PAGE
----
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Series solution

  1. Dec 19, 2005 #1
    Can someone please explain some steps of a worked example.

    Q. Find the power series solutions about z = 0 of 4zy'' + 2y' + y = 0.

    (note: y = y(z))

    Writing the equation in standard form:

    [tex]
    y'' + \frac{1}{{2z}}y' + \frac{1}{{4z}}y = 0
    [/tex]

    Let [tex]y = z^\sigma \sum\limits_{n = 0}^\infty {a_n z^n }[/tex]

    The indicial equation has roots zero and (1/2).

    Using the substitution for y above the DE becomes:

    [tex]
    \sum\limits_{n = 0}^\infty {\left[ {\left( {n + \sigma } \right)\left( {n + \sigma - 1} \right) + \frac{1}{2}\left( {n + \sigma } \right) + \frac{1}{4}z} \right]} a_n z^n = 0
    [/tex]...(1)

    Demanding that the coefficients of z^n vanish separately in the above equation we obtain the recurrence relation:

    [tex]
    \left( {n + \sigma } \right)\left( {n + \sigma - 1} \right)a_n + \frac{1}{2}\left( {n + \sigma } \right)a_n + \frac{1}{4}a_{n - 1} = 0
    [/tex]

    What happened to the factor of z which was multiplied by (1/4) in (1)?

    If we choose the larger root, 1/2, then the recurrence relation becomes [tex]a_n = \frac{{ - a_{n - 1} }}{{2n\left( {n + 1} \right)}}[/tex]

    Setting a_0 = 1 we find...etc

    I am told that the larger of the two roots of the indicial equation always leads to a solution. However, I don't understand why a_0 is set equal to one? Is that an arbitrary selection or is it convenient?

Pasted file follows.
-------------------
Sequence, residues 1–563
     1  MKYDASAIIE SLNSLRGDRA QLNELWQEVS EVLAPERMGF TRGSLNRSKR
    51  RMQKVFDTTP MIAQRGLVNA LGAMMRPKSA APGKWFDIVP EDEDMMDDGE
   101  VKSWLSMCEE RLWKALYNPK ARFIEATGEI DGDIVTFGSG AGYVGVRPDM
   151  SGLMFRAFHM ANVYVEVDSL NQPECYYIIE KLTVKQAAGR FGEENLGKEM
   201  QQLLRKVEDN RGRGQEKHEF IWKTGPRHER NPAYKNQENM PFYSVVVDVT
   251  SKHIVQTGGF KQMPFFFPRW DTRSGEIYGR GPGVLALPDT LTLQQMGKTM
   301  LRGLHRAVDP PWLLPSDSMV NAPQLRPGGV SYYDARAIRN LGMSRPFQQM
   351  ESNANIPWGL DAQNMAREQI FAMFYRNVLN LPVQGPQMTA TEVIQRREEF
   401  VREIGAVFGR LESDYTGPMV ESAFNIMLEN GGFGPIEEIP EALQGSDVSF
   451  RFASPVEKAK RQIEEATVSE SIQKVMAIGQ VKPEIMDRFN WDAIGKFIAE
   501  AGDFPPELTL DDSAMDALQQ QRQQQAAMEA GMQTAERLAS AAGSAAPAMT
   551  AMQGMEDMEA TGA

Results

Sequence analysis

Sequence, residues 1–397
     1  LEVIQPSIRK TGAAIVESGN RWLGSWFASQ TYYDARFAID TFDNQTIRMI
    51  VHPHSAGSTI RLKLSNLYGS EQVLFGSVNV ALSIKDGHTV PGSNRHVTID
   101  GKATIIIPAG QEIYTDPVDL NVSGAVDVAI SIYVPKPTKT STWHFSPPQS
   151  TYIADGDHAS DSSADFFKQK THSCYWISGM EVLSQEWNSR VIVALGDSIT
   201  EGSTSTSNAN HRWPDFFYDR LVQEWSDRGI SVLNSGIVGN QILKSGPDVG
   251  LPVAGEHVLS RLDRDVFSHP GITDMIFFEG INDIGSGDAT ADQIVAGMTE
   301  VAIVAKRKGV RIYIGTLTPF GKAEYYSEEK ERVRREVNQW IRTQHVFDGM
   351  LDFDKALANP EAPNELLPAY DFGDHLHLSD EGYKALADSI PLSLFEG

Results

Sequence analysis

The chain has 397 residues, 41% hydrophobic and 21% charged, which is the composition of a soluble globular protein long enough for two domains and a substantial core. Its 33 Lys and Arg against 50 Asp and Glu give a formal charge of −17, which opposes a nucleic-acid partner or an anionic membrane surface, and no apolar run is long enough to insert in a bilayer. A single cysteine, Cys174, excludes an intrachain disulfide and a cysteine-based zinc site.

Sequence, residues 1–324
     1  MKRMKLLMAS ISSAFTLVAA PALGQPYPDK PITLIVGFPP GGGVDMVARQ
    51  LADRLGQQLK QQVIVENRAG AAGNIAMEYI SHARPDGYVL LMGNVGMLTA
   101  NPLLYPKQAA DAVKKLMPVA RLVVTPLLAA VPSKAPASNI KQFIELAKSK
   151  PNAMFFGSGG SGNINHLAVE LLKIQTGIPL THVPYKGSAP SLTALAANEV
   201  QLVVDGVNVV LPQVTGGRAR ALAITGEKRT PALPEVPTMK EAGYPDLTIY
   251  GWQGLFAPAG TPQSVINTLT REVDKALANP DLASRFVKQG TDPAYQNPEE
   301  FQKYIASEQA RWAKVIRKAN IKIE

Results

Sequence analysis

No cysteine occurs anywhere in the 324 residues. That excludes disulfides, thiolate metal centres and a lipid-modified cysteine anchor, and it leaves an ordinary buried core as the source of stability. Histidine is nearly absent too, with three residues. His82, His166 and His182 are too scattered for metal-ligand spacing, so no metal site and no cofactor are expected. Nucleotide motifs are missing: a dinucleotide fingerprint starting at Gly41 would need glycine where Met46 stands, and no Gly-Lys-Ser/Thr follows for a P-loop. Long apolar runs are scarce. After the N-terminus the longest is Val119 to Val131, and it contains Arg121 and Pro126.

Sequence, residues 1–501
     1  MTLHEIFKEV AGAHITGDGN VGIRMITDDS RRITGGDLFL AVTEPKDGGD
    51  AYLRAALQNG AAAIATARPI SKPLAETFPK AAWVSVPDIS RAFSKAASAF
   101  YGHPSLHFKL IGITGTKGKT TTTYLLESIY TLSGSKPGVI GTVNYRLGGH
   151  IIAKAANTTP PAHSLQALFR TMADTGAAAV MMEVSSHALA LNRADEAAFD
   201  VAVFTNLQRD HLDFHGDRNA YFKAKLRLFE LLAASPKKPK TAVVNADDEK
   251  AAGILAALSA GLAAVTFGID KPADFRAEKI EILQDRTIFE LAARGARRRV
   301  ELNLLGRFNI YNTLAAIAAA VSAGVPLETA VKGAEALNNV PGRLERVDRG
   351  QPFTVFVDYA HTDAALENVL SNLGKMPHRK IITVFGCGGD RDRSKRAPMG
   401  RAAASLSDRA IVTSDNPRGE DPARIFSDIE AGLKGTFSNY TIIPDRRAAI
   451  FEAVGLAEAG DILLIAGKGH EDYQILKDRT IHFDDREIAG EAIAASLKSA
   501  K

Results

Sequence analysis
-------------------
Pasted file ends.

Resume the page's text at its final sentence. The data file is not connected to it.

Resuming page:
Any help would be good thanks.
     
    Last edited: Dec 19, 2005
  2. jcsd
  3. Dec 19, 2005 #2

    AKG

    User Avatar
    Science Advisor
    Homework Helper

    It's there, it's the [itex]\frac{1}{4}a_{n-1}[/itex]. Do you see why?
    I've never done problems like this before, but if you are getting this by substituting [itex]\sigma = \frac{1}{2}[/itex] into:

    [tex]\left( {n + \sigma } \right)\left( {n + \sigma - 1} \right)a_n + \frac{1}{2}\left( {n + \sigma } \right)a_n + \frac{1}{4}a_{n - 1} = 0[/tex]

    then you should get:

    [tex]a_n = \frac{{ - a_{n - 1} }}{{2n\left( {\mathbf{2}n + 1} \right)}}[/tex]
    Different choices of a0 will give different solutions, and you should indeed expect a family of solutions, not just one solution. Are there any given boundary conditions that might explain the choice of a0 = 1? If not, then perhaps it is just arbitrary/convenient/conventional, I don't know myself.
     
  4. Dec 19, 2005 #3
    There aren't any ICs or BCs in the example so a_0 = 1 might have been chosen simply to illustrate the solution method. Thansk for your help.
     
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